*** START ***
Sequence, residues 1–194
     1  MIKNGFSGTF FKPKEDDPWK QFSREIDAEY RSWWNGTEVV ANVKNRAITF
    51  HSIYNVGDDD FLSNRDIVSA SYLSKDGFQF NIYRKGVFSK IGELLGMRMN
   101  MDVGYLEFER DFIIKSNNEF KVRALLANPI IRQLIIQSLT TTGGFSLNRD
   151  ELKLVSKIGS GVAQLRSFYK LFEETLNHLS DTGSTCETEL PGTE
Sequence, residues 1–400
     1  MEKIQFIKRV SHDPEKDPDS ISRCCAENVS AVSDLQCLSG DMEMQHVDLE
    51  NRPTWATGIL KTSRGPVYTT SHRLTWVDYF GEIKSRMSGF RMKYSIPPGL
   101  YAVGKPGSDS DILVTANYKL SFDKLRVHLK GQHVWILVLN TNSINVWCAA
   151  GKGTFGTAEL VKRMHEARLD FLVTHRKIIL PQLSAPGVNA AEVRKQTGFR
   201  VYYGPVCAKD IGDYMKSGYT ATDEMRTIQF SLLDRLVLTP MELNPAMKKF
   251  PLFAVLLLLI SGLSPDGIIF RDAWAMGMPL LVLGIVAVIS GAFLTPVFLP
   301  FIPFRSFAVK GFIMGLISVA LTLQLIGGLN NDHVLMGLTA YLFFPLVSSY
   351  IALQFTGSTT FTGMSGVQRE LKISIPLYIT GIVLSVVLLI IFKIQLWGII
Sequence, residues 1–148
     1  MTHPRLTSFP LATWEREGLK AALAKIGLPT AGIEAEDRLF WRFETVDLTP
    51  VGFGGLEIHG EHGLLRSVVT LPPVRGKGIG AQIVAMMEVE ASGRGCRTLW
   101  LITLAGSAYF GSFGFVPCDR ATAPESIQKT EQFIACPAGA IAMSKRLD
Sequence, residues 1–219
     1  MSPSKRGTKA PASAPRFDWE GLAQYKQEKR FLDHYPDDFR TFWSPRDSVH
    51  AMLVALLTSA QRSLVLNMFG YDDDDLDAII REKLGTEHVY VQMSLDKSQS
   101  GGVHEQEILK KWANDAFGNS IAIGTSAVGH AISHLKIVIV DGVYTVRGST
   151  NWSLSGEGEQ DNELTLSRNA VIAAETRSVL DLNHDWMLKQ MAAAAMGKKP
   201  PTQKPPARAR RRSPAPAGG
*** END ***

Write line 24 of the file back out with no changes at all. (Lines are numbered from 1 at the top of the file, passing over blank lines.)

   201  PTQKPPARAR RRSPAPAGG